historical cost

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Historical cost

Describes the accounting cost carried in the books and reflecting the cost of the item at the time it was purchased, rather than its current value.
Copyright © 2012, Campbell R. Harvey. All Rights Reserved.

Historical Cost

In the Generally Accepted Accounting Principles, the original cost of an asset on a balance sheet. Many assets, particularly illiquid assets, are recorded on a balance sheet according to their historical cost. A notable exception to this rule is the recording of marketable securities, which are recorded according to their market value. The historical cost usually bears little or no relationship to the market value after an asset has been held for several years.
Farlex Financial Dictionary. © 2012 Farlex, Inc. All Rights Reserved

historical cost

The amount of money that was originally used to pay for an asset. A company records assets on a balance sheet at historical cost, which often bears little relation to the market value of the assets after they have been owned several years. Also called original cost.
Wall Street Words: An A to Z Guide to Investment Terms for Today's Investor by David L. Scott. Copyright © 2003 by Houghton Mifflin Company. Published by Houghton Mifflin Company. All rights reserved. All rights reserved.
References in periodicals archive ?
To correctly value the assets, the traditional method of historical cost accounting is not applicable and thus the fair value method of accounting must be used.
The inflationary times, characterized by significant price increases, have shown that historical cost accounting provides a distorted picture of reality: both the balance sheet items and the expenses with amortization and stocks from income and loss accounts are underestimated.
Abstract: The history of accounting for private railway companies in Germany shows that these companies played a major role in the diffusion of historical cost accounting principles and gave birth, together with big other joint stock companies, to the "dynamic" or second stage of capitalist accounting, at least in continental Europe.
Historical cost accounting for corporate shares does not have that
Neither fair value nor historical cost accounting on its own is likely to achieve both characteristics, and an integration of the two may be necessary.
As the Financial Accounting Standards Board (FASB) continues to march toward fair value accounting and away from historical cost accounting, it's a good time to consider the flaws of fair value accounting.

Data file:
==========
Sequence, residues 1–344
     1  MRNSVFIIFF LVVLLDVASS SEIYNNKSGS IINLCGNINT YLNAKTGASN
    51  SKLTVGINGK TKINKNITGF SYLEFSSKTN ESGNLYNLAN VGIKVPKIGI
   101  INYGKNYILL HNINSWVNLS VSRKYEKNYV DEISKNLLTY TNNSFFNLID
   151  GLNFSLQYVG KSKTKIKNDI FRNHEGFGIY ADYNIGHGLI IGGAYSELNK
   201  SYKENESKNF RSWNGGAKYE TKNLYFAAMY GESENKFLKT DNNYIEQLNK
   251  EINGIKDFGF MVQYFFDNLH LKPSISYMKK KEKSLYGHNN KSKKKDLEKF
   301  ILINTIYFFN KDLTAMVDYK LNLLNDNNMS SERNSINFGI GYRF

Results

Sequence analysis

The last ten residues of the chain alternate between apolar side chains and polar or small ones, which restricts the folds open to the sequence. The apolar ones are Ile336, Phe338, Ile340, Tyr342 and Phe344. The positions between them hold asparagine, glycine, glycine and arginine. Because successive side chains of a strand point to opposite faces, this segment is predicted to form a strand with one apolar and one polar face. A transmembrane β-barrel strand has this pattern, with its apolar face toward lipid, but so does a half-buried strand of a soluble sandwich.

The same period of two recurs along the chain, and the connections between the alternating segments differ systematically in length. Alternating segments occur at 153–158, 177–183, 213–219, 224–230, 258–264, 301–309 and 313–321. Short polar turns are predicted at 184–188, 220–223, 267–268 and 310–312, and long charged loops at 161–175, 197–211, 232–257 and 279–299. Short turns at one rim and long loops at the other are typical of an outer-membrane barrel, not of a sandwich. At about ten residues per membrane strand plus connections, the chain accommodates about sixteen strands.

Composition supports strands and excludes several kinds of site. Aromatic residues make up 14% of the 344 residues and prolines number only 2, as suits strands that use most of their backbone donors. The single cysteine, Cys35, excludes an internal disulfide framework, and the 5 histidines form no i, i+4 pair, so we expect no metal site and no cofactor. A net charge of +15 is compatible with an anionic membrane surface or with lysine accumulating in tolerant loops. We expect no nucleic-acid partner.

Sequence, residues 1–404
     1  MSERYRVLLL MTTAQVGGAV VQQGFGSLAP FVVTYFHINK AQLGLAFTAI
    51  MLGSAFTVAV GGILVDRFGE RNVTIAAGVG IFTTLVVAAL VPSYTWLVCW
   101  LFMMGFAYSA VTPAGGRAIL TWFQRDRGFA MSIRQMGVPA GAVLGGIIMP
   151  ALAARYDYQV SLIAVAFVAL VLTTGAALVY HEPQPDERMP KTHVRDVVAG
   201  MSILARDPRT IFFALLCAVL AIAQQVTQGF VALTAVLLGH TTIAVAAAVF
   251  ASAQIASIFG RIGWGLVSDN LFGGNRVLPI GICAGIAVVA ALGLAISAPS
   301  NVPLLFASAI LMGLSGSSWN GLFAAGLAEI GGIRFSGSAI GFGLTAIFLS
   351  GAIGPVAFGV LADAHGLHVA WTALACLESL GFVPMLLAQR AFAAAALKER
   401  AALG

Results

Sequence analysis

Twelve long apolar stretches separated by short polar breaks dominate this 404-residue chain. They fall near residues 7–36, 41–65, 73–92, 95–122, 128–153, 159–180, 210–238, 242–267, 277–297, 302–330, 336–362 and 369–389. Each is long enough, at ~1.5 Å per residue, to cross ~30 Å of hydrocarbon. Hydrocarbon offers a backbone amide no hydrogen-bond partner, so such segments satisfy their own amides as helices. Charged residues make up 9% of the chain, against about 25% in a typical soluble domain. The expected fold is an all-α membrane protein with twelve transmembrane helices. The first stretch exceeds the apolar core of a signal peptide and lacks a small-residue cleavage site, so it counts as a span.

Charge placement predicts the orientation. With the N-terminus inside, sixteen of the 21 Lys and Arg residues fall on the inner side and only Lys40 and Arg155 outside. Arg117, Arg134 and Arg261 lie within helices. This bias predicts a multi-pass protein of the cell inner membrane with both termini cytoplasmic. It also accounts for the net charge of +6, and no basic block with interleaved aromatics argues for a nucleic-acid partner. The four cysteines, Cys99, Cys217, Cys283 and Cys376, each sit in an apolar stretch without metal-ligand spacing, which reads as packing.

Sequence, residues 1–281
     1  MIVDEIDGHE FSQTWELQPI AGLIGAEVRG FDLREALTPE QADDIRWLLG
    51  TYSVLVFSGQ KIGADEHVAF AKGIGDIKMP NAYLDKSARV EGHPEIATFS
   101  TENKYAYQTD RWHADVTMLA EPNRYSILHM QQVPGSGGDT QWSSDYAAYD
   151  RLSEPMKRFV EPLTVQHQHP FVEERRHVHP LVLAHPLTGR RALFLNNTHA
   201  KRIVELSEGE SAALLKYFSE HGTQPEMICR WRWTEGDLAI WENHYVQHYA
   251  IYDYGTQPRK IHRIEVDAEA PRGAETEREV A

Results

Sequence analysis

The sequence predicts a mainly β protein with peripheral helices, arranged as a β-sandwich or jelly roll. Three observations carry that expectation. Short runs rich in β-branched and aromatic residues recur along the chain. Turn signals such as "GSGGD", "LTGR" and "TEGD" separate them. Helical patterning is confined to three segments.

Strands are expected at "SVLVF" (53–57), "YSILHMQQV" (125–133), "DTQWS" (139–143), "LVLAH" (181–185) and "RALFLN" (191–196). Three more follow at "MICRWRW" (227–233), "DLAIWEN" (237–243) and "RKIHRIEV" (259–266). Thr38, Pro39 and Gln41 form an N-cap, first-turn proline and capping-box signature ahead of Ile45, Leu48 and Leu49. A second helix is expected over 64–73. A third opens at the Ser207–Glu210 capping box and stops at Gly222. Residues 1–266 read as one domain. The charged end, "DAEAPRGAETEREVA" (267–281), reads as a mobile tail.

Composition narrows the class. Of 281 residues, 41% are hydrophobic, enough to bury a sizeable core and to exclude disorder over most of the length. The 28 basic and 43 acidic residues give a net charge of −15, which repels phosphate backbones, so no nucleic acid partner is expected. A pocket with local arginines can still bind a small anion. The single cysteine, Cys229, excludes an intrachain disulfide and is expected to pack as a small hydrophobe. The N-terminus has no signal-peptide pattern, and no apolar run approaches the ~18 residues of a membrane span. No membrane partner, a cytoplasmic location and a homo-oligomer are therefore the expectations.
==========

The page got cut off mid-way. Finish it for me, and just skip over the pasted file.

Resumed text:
During most of the last century, standard setters emphasized historical cost accounting. Under this traditional accounting model, the income statement, which results from matching an entity's revenues with expenses during a period of time, was considered the primary financial statement conveying useful information about a company's performance and value to shareholders.
Over the past 30 years, the Financial Accounting Standards Board in the United States and the International Accounting Standards Board have been moving away from historical cost accounting and heading towards fair value accounting, which involves having companies prepare their balance sheets on the basis of what assets are worth today, as opposed to what they cost when they were acquired.
Historical cost accounting just doesn't work for this purpose (though it is probably better suited for financial institutions than for other firms in which fixed assets make up a large part of the portfolio).
Financial derivatives were traditionally accounted for using historical cost accounting. Since many financial derivatives did not attract an initial cost, the presentation was limited to a note in the financial statements that did not reveal companies' real exposure.
We continue to see news stories about charges of earnings manipulation, even under the historical cost accounting framework.
Where Edwards and Bell may have segued rather than focused (and similar problems still exist) is the important intermediate point between historical cost accounting and estimates of the future--a point called "today." Today is the focus of market value estimates, even if they are made only as of a given date.

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